The Zimmerman verdict has spawned a menagerie of colorful comments from people embittered about the man’s release. I’ve seen everything from simple disappointment to excessive swearing to threats of violence against innocent people, and it all comes from one glaring misconception: that George Zimmerman gunned down Trayvon Martin out of racial hate.
I’ve talked to a number of people about the case and I’ve heard all the arguments. I’ve been accused of being a racist because I don’t think Zimmerman killed Martin because of skin color. That seems to be the message that Al Sharpton and Jesse Jackson are trying to convey, after all: if you don’t want Zimmerman to fry, it’s because you hate black people.
Across the nation there is anger over the verdict. There are rallies being held in major American cities and dozens of cases of White bystanders being savagely beaten by Blacks under the justification that it was done “for Trayvon.”
I actually had a friend ask me if I thought I might be just a little bit racist because I’ve been ranting against the idea that Martin was gunned down for being black. All over the social networks it can be seen in thousands of comments that the verdict “clearly” means that it’s acceptable to kill black men, that this is “another victory for whitey” and that hurting innocent people based on their light skin is an appropriate retributive act for the verdict.
Here’s the sad truth: while the fury of the Liberal citizen is duly noted, the Democrats in Congress are not upset about the verdict. In fact, they couldn’t be happier. Sure, they get on TV and talk about what an injustice it is, but it’s an “injustice” they were counting on. It’s quite simple, really.
You see, there is one surefire way to unite a wide array of people with different cultures, beliefs, ethnicities and even religions. It has worked all throughout history and is used in many popular films today: give them a common enemy. Remember the old saying, “the enemy of my enemy is my friend.” And just who is that common enemy that the Left is rallying people against in this particular case? The White Man, or the WASP’s, as they like to call them.
It serves the interests of the Liberals in Congress to keep minorities hating Whites and blaming them for all their problems because it ensures that most of the minority vote will go to Democrats, who always promise to bring down the “Old White Republicans.” This serves them on two fronts, actually, the second being that it keeps minorities under the programmed impression that they cannot build their own success and they need a Democrat-run government to take care of them like helpless children.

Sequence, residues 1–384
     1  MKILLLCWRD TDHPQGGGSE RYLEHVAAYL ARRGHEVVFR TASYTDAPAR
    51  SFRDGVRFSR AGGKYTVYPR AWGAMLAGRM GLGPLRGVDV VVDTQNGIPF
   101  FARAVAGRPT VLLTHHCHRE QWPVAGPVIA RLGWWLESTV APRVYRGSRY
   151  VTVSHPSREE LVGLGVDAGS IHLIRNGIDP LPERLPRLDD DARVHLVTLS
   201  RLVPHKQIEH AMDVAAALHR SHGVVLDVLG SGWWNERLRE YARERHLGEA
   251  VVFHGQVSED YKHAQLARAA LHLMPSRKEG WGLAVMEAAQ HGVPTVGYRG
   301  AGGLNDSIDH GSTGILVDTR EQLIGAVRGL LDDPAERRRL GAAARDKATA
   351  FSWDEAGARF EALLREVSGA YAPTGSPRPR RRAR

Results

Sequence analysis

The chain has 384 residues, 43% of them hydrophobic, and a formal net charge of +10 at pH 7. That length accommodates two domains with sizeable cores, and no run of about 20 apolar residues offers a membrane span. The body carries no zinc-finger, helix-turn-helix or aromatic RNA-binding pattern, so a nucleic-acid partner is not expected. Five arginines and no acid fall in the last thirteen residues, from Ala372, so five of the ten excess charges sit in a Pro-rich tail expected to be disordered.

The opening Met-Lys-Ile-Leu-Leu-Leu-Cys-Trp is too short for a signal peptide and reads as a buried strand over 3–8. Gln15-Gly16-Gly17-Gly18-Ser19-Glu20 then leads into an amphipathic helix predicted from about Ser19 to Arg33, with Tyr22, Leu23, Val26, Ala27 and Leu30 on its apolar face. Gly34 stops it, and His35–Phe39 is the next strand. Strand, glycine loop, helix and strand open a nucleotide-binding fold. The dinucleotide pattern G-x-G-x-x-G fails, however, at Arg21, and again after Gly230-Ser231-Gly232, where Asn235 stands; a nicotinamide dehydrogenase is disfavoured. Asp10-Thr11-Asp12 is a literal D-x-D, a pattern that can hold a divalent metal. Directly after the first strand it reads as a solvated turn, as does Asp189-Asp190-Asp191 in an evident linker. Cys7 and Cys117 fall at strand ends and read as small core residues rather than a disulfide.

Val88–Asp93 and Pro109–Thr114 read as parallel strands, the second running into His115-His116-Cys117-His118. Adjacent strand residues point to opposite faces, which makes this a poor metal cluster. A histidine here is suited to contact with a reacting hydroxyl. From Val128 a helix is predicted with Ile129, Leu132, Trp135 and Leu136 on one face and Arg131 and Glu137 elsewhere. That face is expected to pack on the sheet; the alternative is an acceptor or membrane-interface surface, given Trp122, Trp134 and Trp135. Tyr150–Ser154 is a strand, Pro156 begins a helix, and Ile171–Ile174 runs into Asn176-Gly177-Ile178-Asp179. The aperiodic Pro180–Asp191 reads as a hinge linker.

So yes, of course Al Sharpton will rant about injustice and racism for weeks, as will Jesse Jackson and others of such esteem, and of course Barack Obama would go on the record with an emotional speech about how he could have been the victim (and thereby affirming that he also believes the incident was a hate crime, or at least that’s what he wants the voters to think). The more they can hype this incident, the more they can cement racial divide for political reasons, and as a bonus, the more they can distract folks from the slew of scandals surrounding this sorry administration.
I’m not buying it, and neither are rational thinkers like Alfonzo Rachel and Herman Cain. Some folks have suggested that I took Zimmerman’s side because I’m Hispanic as he is (halfway, at least) and I’m supporting one of “my people.”
Actually, Zimmerman’s ethnicity never mattered to me and it never will. It’s the same reason I’m able to so openly criticize our government’s lax policies on illegal immigration despite my heritage: Hispanics are not my people.
They’re not, end of story. I don’t identify with race. The fact that we descend from people indigenous to a certain geographical region means nothing to me. Honestly, why should it mean anything to anyone? It’s not like we had a say in the matter.
You might be asking, who are my people, then?
You, the Capitalist; you, the Conservative; you, the Christian and the Patriot. My people are those who share my faith and my values, and who are bold enough to stand with me and speak out against tyranny. You are my people, and no amount of Hope and Change can ever change that.